Relationship Brand Examples to Benchmark
So far in the Relationship Brand Basics series, you learned what a relationship brand is and why it should matter to you, how brands become relationship brands, and the research you should conduct to position your brand for relationship status. Now, it’s time to learn about some of the best relationship brand examples, which you can benchmark as you develop your brand strategy.
When you think of a relationship brand, it’s likely that brands like Harry Potter, Lady Gaga, Star Trek, and Star Wars pop into your mind. As you learned in Part 2 of this series, entertainment brands tap into consumers’ emotions as well as their desires to share branded experiences. Fan events, conventions, theme park attractions, online networks, and more enable people to do exactly that. Ultimately, brand loyalty grows and consumers’ relationships with these brands become extremely strong.
Lifestyle brands are also uniquely positioned to become relationship brands because the products associated with those brands become so closely tied to consumers’ lives and feelings about their lives. An excellent example is the Playboy brand, which launched over fifty years ago as a lifestyle brand targeted to men who enjoyed the finer things in life. The brand grew to provide a variety of ways for people to experience it through magazines, clubs, casinos, merchandise, stores, and more. The brand lost direction in recent years, but its original focus enabled it to grow into a relationship brand that is still one of the most recognized brands in the world. (source: Building Brand Value the Playboy Way)
Some brands start out as a symbol of a specific lifestyle, and thanks to the cult of loyal consumers who follow the brand, that brand becomes not just a symbol of a lifestyle or personality, but the brand actually evolves into a comprehensive lifestyle brand. Harley Davidson is the perfect example of such brand evolution. Harley Davidson started out as a gender-specific brand associated with motorcycles. Today, Harley Davidson represents a specific lifestyle that is shared by millions of people in various ways around the world. Harley Davidson clothing, clubs, events, stores, and more have become tangible symbols of the Harley lifestyle.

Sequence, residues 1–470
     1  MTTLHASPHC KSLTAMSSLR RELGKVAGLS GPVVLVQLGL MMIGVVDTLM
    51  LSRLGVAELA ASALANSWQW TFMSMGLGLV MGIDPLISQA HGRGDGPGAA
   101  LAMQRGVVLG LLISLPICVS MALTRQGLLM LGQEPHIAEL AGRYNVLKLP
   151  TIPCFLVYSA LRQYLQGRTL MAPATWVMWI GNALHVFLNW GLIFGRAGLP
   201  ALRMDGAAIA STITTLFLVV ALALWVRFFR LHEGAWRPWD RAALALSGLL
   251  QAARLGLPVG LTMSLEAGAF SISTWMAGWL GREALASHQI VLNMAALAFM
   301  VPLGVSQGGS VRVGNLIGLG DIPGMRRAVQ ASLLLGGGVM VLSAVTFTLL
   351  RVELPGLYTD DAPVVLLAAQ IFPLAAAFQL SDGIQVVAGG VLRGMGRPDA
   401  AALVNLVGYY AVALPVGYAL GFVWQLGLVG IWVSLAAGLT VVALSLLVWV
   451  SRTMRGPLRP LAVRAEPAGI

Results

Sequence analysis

It could be argued that consumer products brands have an easier time of developing into relationship brands than brands in other categories, such as technology. Over the years, that argument has been shattered with brands like Apple, Google, and Mozilla’s Firefox paving the way for a new influx of relationship brands into the international marketplace. Each followed the traditional relationship brand growth pattern, having first targeted niche audiences, growing to cult brands, and later broadening their audiences, product lines, and consumer loyalty to become the relationship brands that they are today.
Another category where building relationship brands is common is the luxury brand category. Tiffany & Co. and Bentley are two great examples. Purchasing these brands puts you in an exclusive club and enables consumers to engage with the brand in a different way than the others on this list provide. Rather than simply providing branded experiences so brands can engage with consumers, luxury brands create branded experiences where the brand can cater to consumers. Luxury brands tap into a specific set of emotions in order to build relationships with consumers, but the end result is the same — loyal consumers who advocate the brand and experience it in various ways with other people and individually.
Each of the brands mentioned in this article is a bit different, but they’re all examples of successful relationship brands. Bottom-line, it doesn’t matter what industry your brand exists in, who your customers are, or what your products are. Any brand can become a relationship brand. Some brands just take more time and creative thinking to become relationship brands than others.
If you missed previous parts of the Relationship Brand Basics series, follow the links below to read them now:
- Relationship Brand Basics – Part 1
- Relationship Brand Basics – Part 2
- Relationship Brand Basics – Part 3